Plumbing Forum - November 2000
A Matter Of TasteQuestion: Why does water taste better from a lavatory faucet than from a kitchen faucet?
Julius replies: Your question regarding the quality of water between a kitchen faucet and a lavatory faucet has been one of those mysteries that has been analyzed quite thoroughly. Faucet manufacturers have spent millions of dollars researching the quality of the water delivered from various faucets. We now have a national "consensus" standard, NSF 61, that specifies what the faucet must meet in delivering a given quality of water.
Let me first respond by saying that some people are of the opinion that kitchen faucets provide a better water quality than bathroom faucets. Others claim that the best water is from their water dispenser on the refrigerator, even though the supply comes from the same pipe as the one serving the kitchen faucet.
Believe it our not, the research has proven, rather conclusively, that the water quality from a kitchen faucet and bathroom faucet is the same. There are variations between manufacturers.
However, if you have the same manufacturer for both the kitchen faucet and bathroom faucet, you are getting almost identical water.
This brings us back to, "What is the difference?"
Most people like to drink water that is very cold. The water coming through a refrigerator is cooled inside the refrigerator, hence, it is probably the coldest water available in the home. In the bathroom, the water is often very cold because the person getting a drink first uses the water closet and flushes. This starts the flow of cold water. Then he washes his hands, which continues to flow the cold water. By the time he takes a drink, the water is nice and cold. This fools the brain into thinking it tastes better. (Just think, would you like to taste water that is 100 degrees F?)
As for the kitchen, in most homes the kitchen is located the furthest from the source of water. To keep the cost down, most water meters are located closest to the bathrooms since they have the most piping. By comparison, kitchens have a small amount of piping and can be located further from the meter.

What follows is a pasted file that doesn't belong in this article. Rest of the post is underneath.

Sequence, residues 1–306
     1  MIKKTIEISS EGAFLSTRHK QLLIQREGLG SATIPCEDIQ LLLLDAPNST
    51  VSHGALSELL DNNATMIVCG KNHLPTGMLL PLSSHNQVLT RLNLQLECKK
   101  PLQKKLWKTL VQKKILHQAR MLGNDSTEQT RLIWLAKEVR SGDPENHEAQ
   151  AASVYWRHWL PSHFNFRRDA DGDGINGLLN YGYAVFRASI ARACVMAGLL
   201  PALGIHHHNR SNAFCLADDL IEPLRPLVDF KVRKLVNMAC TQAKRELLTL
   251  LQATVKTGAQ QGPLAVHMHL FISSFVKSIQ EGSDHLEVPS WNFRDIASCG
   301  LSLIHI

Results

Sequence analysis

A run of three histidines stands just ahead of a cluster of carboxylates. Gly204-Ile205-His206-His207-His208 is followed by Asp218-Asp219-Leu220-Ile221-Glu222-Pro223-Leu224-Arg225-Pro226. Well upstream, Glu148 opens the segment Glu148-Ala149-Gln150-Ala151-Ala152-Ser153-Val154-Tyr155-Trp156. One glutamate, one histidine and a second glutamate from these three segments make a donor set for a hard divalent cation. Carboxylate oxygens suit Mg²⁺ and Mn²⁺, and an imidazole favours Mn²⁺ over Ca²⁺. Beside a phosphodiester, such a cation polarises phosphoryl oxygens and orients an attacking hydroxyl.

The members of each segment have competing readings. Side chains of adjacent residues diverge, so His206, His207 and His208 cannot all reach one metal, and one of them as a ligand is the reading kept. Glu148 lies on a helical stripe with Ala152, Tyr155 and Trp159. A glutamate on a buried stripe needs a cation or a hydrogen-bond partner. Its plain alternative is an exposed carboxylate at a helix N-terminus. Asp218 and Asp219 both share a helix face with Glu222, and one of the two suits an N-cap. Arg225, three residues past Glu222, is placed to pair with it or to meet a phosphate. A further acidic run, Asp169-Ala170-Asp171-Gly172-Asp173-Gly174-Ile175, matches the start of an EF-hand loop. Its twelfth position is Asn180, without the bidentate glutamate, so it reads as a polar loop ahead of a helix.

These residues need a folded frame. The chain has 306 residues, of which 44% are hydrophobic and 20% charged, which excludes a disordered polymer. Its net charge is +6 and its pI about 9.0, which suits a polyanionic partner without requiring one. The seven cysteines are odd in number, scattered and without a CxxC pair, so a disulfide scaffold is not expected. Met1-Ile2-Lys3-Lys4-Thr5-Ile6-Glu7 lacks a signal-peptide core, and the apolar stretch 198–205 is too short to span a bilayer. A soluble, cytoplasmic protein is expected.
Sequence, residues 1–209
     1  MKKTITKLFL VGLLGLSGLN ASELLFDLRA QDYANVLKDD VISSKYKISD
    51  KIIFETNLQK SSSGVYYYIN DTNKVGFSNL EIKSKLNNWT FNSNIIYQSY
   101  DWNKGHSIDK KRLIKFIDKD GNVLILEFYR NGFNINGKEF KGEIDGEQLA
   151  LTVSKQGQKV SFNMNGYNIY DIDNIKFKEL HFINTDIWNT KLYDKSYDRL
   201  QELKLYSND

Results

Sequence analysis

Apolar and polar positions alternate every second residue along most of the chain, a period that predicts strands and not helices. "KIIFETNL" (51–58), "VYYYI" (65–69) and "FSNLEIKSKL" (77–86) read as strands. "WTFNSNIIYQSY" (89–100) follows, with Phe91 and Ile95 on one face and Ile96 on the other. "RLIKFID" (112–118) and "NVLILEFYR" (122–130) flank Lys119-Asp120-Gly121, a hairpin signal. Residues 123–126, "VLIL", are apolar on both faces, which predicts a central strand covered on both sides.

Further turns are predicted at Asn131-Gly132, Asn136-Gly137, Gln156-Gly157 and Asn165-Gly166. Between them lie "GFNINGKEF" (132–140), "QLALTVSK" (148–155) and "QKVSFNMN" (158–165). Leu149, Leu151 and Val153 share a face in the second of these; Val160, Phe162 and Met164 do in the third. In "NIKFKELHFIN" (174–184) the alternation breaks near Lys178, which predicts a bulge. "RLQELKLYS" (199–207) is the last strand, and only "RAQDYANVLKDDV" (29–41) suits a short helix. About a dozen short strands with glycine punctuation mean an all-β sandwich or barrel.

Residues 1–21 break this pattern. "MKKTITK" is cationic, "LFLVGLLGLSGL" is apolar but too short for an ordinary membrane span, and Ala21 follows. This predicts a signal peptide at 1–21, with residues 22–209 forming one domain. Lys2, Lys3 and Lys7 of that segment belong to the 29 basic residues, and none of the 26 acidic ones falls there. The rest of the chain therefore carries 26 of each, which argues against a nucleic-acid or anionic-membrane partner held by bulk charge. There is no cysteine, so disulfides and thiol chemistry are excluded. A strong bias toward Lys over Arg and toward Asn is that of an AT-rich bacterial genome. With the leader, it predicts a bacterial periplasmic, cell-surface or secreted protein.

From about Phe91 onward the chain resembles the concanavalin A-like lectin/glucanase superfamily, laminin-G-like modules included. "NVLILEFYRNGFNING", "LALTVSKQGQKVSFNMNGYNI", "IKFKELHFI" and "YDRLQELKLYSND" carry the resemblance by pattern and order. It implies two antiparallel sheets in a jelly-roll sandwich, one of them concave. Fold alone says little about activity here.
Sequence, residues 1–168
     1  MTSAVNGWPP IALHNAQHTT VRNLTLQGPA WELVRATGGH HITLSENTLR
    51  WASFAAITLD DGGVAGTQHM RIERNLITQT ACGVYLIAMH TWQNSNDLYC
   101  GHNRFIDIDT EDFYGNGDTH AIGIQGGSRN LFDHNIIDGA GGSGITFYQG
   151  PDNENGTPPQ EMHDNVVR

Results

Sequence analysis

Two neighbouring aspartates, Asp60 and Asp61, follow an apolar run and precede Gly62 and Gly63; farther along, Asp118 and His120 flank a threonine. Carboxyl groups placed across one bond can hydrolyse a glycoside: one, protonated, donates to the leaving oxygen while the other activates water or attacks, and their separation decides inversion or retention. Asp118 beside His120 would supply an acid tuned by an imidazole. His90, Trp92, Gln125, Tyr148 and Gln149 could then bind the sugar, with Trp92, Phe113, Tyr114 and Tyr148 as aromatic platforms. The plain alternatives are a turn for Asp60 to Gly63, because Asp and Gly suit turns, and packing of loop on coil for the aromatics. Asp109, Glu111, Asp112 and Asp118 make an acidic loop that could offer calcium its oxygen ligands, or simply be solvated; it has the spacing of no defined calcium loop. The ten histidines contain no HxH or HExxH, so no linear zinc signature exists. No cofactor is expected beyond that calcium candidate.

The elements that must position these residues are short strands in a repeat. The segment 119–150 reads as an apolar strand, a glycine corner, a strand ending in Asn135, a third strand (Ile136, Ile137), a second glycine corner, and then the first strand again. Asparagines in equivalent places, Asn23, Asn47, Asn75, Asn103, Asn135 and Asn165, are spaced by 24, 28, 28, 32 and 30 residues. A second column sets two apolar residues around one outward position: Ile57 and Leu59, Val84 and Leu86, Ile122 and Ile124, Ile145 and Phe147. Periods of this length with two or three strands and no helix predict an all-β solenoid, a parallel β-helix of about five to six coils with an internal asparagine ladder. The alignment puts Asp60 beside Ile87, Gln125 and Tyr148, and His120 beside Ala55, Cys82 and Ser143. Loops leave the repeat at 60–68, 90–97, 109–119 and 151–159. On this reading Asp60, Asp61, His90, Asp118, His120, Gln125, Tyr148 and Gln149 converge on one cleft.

Hence, it takes some time to bleed the water in the piping to obtain the coldest water available. You tend to want a drink immediately, not in three or four minutes. Furthermore, studies of the human body have shown that we can sense the difference of 3 degrees F in the temperature of water.
Water sitting in a pipe for a long time will rise in temperature because of exposure inside the home. (If the thermostat is set at 70 degrees F, the water wants to achieve that temperature.)
Water in the piping located below ground will be approximately 55 degrees F. During the winter months, the temperature can drop to 45 degrees F. That colder temperature is what does it.
Tee-ed OffQuestion: We have been told for years that you cannot install a sanitary tee on its back. Yet when we traveled to a neighboring state, everyone installed a sanitary tee on its back. What gives? Is this OK, or a problem?
Julius replies: It depends. We need to separate whether the connection is receiving waste or whether the connection is for a dry vent. With regard to waste, virtually every plumbing code in the country prohibits a sanitary tee from being installed on its back. I happen to agree with this.